Perspectives on Infrastructure: Investment opportunities in the UK

In this interview, Peter Dias of Octopus Renewables reflects on the impact of COVID-19 on the renewables market

20 October 2020
Peter Dias of Octopus Renewables Headshot and quote

As an investment director at Octopus Renewables, the specialist clean energy investor arm of Octopus Group, Peter Dias co-leads a team of 20 people investing in new renewables projects, principally in wind and solar. Founded in 2000, Octopus has been investing in renewables for more than a decade and now has a team of more than 70 people working in Octopus Renewables. In that time, Octopus has grown to become Europe’s largest investor in commercial solar and a leading UK investor in onshore wind.

Coronavirus has impacted the renewables market in many ways, though the immediate operational impact when lockdown was imposed was not as bad as feared. With £3 billion of energy assets under management at the firm, Dias says: “Octopus has a large portfolio of assets, so the immediate priority for us was to ensure we had operational procedures in place that complied with Covid related lockdown measures in their geographies. While there was some initial concern that this could be a difficult task, actually it seems the wider power industry has coped very well with ensuring plants kept high availability and good operational status, and that’s credit to the individuals involved. It has in fact turned out to be a success story in terms of the industry’s ability to adapt and continue generating.”

One thing that has hit the industry harder is a drop in power prices, caused by the drop-off in demand. “That’s a temporary impact on profitability,” says Dias. “It’s not been anywhere near as bad as some other infrastructure sectors, such as transport, and prices have started to recover now.”

On the investment side, Octopus has not changed its appetite to do deals thanks to continuing demand from its investors to deploy capital. It turns out others in the market felt the same: “Initially, we expected maybe a bit of a softening in competition in the renewables sector,” says Dias. “The outturn has probably been the opposite and the market has been just as competitive. There is still a lot of demand to invest in the renewables sector.”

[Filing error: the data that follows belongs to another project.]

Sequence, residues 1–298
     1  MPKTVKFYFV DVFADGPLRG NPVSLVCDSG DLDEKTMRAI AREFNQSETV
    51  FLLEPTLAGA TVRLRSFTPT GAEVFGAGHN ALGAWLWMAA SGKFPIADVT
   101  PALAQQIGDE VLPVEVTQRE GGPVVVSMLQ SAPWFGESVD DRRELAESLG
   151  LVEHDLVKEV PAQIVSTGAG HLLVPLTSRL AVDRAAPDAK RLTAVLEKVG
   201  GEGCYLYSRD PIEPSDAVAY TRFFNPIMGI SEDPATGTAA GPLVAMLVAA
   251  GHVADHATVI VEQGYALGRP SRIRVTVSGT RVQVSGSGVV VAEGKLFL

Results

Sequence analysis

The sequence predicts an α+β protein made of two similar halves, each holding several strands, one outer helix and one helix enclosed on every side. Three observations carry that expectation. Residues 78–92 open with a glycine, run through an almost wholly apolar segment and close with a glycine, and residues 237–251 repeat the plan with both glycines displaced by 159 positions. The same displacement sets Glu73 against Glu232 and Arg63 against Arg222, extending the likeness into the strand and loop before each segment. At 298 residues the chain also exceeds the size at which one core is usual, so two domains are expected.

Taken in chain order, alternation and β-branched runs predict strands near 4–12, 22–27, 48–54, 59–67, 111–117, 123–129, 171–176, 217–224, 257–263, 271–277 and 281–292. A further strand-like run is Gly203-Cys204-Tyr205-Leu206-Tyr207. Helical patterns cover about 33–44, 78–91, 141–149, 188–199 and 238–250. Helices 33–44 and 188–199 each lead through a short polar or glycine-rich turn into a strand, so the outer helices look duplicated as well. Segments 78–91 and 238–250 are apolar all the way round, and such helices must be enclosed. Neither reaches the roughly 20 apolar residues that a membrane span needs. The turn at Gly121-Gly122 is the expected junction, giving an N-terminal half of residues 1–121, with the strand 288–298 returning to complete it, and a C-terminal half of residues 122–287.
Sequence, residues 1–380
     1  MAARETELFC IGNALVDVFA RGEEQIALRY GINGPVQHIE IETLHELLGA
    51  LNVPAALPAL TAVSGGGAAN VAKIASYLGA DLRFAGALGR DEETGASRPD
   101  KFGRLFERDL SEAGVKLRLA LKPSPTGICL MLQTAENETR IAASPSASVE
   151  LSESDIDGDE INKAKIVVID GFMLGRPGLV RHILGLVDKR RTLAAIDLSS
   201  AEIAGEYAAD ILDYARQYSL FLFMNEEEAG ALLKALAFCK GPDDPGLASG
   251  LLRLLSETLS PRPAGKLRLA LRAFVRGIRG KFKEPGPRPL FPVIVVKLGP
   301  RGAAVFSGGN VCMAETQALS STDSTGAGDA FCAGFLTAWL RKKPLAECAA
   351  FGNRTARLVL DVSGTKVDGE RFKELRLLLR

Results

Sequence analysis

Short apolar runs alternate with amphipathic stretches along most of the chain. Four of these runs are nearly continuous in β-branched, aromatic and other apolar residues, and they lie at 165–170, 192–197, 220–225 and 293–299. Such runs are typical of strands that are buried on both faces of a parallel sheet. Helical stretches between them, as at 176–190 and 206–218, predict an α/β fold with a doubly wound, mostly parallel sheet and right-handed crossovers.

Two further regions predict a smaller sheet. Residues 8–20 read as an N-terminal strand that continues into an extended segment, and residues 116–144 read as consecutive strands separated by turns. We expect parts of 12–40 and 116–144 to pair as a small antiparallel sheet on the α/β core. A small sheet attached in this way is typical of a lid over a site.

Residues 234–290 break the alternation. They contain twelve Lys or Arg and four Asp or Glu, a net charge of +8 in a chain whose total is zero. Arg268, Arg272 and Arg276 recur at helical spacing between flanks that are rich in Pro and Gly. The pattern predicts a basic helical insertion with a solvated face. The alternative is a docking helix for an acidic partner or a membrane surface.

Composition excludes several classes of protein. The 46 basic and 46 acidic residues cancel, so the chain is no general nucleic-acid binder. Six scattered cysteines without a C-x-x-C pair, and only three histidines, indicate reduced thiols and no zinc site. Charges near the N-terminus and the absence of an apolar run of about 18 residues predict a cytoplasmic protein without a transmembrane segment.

In July, Octopus acquired a 9.1MW portfolio of residential rooftop solar assets covering more than 2,700 rooftops across the UK, mainly in Manchester and Birmingham, as well as two UK onshore wind farms with a combined capacity of 16.8MW. “If you have something that really appeals to investors and is core to many funds, such as solar, onshore wind and some of the secondary market opportunities for government subsidised assets, then you will find there is a lot of appetite to invest out there,” says Dias. “If you’re trying to fund a trickier technology, then you may see some drop-off in this demand and interest.”

Dias says the Octopus strategy has not changed as a result of the coronavirus, as the strong tailwinds that were supporting the renewables sector have not been dampened – if anything, the commitment to ESG by investors has increased and the focus on a ‘green recovery’ in many countries is likely to lead to a doubling down on renewables.

“We are not seeing ESG move down the agenda at all,” says Dias. “If anything, it’s becoming increasingly core to our investment process and to our monitoring of operations and projects. Certainly, in terms of reporting, our investors are much more focused on ensuring they have got the right managers with the right ESG credentials managing their money. The significance of the ‘green recovery’ in the UK and in other geographies is also only going to drive further interest in the sector.”

Octopus took steps to develop its offshore wind offering over the summer, hiring offshore wind energy specialist Partha Vasudev as an investment director. Dias says: “That is a sector where, notwithstanding Covid, we have seen some interesting relative returns and feel now is the time to build a presence.”

With competition for assets fierce and investor appetite showing no sign of cooling, Dias says his priority for the year ahead is straightforward: “For us, we remain focused on continuing to deploy money into good quality projects on behalf of our investors, and that hasn’t changed because of Covid. In fact, the virus has probably only sharpened our focus.”

If you would like to find out more or have any questions, please contact Graham Soar, partner in our Infrastructure team.

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Perspectives on Infrastructure: Investment opportunities in the UK

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